Since the NSA debacle I’ve been pondering the current state of affairs regarding privacy and “How most people think the Internet works” vs “How the Internet actually works”. So here are my thoughts on the three subjects:
You have none. There are groups of people and multiple individual entities that can access data you do not want them to access without your approval and most times without you knowing. This additionally is not a static list, but an ever-changing number and user base. I will expound on this in the “How the Internet Works” section, but suffice to say if you are educated about the Internet, you should have no reasonable expectation of privacy, at any time. This is partly by design, but also partly for ease of administration. If you have no idea of what kind of traffic your network is routing, how can you effectively shape it for best performance of all users? Or, why would you remove administrator access to a terminated user’s account if they may have saved those files they were working on before they left the company?
It comes down to the simple fact that we take the shortest route to achieve our goals and when those goals are closer to “make it work” than “make it work correctly”, it shouldn’t surprise you to see what we see here. Is it necessary to improve security for the sake of privacy? Instead of answering, consider the fact that with only your name, date of birth and the hospital you were born in, researchers found they could predict your social security number correctly for 8.5% of the population with fewer than 1,000 attempts. The system was originally designed with one scope in mind and neglecting possible attacks of this nature erroneously. What SSNs have now become is authenticators instead of identifiers, which means more people can get more access to more of your data.
How most people think the Internet works
Through conversations with people about the Internet, it seems people believe the Internet works like a literal web, with direct 1-to-1 connections to all of your favorite services, like a super-long Ethernet cable for each website to everyone’s computer. It seems people also think a firewall will actively block attacks and unauthorized persons, like a 24/7 systems administrator that “knows” when the network is under attack. They think their traffic is mostly unreadable in-transit, and trust online services with their livelihoods.
How the Internet actually works
There are millions of miles of cable, built into walls, floors, under roads, underwater, in ditches that connect routers over which Internet traffic flows. Sometimes, it bounces off a satellite for good measure. The owners of these devices are countless; for example just to get to Google you need to talk to your local cable pool’s router, then to your cable company’s core router, then their upstream provider’s router, then any number of intermediary datacenter’s router, then to Google’s datacenter’s router, then to Google’s router, then it gets sent to the relevant server, passing through additional routers on the way. At any time, the operators and many of their employees can see your raw (usually unencrypted) traffic. This is using cable that can be decades old, protocols that sometimes were intended for an entirely different purpose, software hacked together (sometimes actually designed) by disgruntled, happy, hardworking or lazy employees (or freelancers) sometime in the last half-century. Also on this global (read: unregulated) network are pieces of software with the specific intent on doing things they are not supposed to, and you’re directly connected to them, as is your data. Also connected to this network are HVAC systems, security cameras, industrial machinery, telephones/fax machines, medical devices etc that have not been (or cannot be) updated. On top of all of this, we now have definitive proof that this network can be manipulated and studied as a result of one or many governments to glean data and perform offensive cyber operations.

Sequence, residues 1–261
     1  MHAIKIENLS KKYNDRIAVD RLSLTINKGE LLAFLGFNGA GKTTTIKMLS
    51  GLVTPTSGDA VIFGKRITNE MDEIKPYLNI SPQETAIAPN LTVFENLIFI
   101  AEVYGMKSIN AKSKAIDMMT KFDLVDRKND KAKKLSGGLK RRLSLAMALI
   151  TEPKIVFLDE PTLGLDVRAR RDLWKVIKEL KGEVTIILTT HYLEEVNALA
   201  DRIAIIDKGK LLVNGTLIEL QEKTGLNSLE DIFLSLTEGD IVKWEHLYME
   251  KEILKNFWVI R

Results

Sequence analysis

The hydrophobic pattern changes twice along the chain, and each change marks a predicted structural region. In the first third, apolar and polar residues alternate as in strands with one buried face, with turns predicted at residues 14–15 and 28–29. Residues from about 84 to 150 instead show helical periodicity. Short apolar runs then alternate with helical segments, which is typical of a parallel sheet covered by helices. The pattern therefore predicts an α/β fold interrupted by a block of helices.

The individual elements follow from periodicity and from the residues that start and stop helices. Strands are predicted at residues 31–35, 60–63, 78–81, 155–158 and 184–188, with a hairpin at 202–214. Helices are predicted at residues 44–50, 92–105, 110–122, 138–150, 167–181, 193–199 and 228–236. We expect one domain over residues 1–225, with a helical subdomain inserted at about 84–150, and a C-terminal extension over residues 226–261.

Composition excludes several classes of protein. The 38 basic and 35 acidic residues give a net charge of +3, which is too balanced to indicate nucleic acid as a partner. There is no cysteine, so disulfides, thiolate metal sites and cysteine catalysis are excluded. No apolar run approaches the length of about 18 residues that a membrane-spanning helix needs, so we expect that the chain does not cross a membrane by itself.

It’s not a surprise that there are so many breaches of security when security hadn’t even crossed the mind of many of the designers of integral parts of the Internet.
How do we cope with this, and how do we fix it?
The first step on any successful project is to determine the scope, and unfortunately ours is gigantic here. We would need to built authentication and privilege mechanisms (ones more advanced and robust than current offerings) down to the silicon level of every device, which of course would necessarily render older equipment incompatible. Using authentication schemes yet unknown, we must construct a suite of software and hardware that enforces abstract security concepts in a concrete and consistent way, globally and with as much compatibility as possible with current infrastructure. This system would need to place absolute power in the owner of data, and recognize complicated ownership processes like loaning/leasing data and limited access. All of this in a way that is easy-to-use and transparent, using powerful, proven cryptography that can be upgraded and changed as technology progresses with interoperability and guaranteed security. This needs to, at a bare minimum, provide Identification Authentication and Authorization for any given piece of data and on the human/company/device/entity level. Then, once everything is in place we would still need to configure it for explicit permissions, ones which are the minimum needed for full function at every level. This is only after first deciding the entire organizational structure of electronic devices and planning out what devices’ function and level of permissions need to be.
Sounds easy, right?